These three checkpoints are intended to identify potential bias, mitigate the bias when possible, and transparently communicate how any remaining bias limits ethical uses of the resulting data. At each checkpoint, users evaluate whether to proceed with or terminate the imputation process, weighing the potential harms of unmitigated bias against those of not having imputed disaggregated data.
- Checkpoint 1: Before imputation, audit data for bias.
- Checkpoint 2: During each step of imputation, examine where bias could be introduced.
- Checkpoint 3: After imputation, assess whether imputed race and ethnicity data are accurate enough to be used ethically for your analytic purpose.
By following our checkpoints, we learned that equity must be considered in every decision, differential outcomes must be examined by race and ethnicity, analytic decisions and data limitations must be transparently communicated, and the fitness for purpose of the imputed data must be examined in light of their intended use.
Recommended standards for imputing with more empathy and ethical concern
Using lessons learned through our landscape scan, interviews with experts, and our own imputation case study, we found that to effectively impute race and ethnicity in ways that lead to greater benefits and diminished harm for people and communities of color, analyses must meet the following criteria:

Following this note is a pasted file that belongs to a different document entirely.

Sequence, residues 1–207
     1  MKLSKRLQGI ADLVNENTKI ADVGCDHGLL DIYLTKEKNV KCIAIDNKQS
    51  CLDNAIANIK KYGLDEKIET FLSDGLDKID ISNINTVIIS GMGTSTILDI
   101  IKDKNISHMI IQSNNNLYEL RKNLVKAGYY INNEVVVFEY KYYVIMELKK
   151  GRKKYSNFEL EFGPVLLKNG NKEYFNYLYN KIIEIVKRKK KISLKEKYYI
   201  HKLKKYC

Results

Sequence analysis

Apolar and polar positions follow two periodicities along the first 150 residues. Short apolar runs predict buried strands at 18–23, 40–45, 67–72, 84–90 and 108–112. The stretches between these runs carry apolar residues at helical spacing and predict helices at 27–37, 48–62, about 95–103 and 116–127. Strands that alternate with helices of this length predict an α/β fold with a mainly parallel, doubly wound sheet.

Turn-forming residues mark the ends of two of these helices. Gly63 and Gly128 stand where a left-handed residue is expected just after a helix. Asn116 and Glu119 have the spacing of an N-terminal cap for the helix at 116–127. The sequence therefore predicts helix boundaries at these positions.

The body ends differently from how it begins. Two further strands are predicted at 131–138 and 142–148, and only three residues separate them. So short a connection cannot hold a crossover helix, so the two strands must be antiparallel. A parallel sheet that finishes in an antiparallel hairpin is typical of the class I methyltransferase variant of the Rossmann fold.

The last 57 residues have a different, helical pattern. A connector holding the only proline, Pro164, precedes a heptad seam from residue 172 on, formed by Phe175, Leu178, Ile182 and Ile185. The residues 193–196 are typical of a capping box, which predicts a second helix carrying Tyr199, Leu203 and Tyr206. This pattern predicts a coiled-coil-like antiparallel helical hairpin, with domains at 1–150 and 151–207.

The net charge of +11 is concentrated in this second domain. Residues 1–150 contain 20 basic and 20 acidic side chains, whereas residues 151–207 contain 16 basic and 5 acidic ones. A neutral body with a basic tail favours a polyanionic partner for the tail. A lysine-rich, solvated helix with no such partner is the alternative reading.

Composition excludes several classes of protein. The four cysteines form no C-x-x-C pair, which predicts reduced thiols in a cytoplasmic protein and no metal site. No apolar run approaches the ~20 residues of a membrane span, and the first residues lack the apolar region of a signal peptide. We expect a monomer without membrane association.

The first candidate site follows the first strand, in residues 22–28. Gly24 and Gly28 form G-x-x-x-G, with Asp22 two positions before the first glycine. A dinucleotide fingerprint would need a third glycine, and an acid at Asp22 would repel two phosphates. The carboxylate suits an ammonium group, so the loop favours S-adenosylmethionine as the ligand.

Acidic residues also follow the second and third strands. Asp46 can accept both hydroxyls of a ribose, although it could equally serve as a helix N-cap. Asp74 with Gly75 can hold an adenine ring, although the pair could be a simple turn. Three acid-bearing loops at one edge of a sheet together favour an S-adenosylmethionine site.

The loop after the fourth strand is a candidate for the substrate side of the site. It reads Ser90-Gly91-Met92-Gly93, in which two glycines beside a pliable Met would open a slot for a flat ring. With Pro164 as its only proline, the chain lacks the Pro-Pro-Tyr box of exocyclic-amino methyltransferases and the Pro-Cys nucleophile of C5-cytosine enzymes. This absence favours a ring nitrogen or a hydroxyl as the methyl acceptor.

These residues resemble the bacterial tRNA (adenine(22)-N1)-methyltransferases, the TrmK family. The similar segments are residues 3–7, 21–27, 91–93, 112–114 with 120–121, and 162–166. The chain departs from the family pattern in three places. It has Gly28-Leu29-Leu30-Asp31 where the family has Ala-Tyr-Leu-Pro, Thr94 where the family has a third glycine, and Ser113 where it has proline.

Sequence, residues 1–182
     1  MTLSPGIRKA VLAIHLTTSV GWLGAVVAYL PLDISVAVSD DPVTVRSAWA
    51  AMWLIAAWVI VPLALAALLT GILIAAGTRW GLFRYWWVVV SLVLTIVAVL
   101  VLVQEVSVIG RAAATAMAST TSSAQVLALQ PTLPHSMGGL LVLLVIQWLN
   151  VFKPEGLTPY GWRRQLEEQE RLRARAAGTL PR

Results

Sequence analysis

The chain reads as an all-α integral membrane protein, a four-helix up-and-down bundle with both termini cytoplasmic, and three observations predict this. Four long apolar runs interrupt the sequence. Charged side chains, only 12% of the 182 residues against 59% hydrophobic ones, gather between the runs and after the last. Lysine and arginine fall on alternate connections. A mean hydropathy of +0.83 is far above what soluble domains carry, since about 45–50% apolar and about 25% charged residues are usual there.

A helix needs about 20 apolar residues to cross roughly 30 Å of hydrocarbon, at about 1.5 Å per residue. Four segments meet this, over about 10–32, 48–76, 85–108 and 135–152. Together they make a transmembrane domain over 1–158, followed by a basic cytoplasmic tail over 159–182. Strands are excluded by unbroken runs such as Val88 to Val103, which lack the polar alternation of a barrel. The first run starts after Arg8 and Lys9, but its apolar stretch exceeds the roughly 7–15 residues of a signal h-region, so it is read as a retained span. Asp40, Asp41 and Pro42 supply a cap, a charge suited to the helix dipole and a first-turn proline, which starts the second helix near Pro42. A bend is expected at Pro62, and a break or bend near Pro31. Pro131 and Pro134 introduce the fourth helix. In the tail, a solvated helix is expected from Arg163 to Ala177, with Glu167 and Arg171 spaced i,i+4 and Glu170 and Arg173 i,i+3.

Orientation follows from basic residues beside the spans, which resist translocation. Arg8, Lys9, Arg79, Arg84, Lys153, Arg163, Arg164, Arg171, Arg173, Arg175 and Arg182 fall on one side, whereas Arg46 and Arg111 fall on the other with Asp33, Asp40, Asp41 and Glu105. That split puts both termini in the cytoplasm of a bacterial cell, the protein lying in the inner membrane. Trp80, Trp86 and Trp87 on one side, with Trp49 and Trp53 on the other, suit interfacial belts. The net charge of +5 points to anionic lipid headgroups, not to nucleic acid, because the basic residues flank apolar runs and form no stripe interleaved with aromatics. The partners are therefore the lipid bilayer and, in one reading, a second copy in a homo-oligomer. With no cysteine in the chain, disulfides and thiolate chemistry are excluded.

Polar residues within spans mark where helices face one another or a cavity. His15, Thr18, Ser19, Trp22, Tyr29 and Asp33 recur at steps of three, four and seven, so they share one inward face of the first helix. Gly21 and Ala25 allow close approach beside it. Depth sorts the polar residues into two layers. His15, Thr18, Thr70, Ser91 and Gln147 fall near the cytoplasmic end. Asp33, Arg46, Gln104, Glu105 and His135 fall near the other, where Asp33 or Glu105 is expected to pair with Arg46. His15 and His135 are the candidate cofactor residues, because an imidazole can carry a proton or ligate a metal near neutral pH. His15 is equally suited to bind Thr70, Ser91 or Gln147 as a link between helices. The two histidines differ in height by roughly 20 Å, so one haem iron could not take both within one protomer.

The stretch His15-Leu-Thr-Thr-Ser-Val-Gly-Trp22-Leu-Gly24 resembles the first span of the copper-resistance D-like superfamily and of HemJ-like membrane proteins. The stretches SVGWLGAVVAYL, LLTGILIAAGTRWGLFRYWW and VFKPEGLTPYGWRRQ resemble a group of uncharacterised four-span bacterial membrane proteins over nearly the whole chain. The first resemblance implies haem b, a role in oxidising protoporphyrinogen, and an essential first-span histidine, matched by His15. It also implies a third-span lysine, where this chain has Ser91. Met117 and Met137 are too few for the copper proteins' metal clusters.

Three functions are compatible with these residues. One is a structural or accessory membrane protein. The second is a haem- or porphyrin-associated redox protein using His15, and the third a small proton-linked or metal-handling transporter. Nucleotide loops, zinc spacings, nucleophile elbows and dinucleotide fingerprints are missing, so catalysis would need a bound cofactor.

- relevant to the expressed needs of the community
- interpretable to key stakeholders
- accurately representative of the communities whose information is being imputed
- privacy preserving
- undertaken with clear accountability, concerning both methodological quality control and community harm and benefit
Stakeholders must incorporate community-engaged methods into any imputation project, drawing on insights from affected communities to inform the use, design, and application of imputation to create disaggregated data for their community. Integrating community engagement strengthens each of these standards to ensure imputed data are developed and deployed in ways that progress racial equity.
To address racial disparities, changemakers must be able to identify them, but across many important policy questions, data disaggregated by race and ethnicity are not widely or consistently available. If researchers and data analysts ask themselves the questions posed here and apply these standards to their own work, we believe imputation can be an effective, ethical, and empathetic tool to address critical gaps in race and ethnicity data.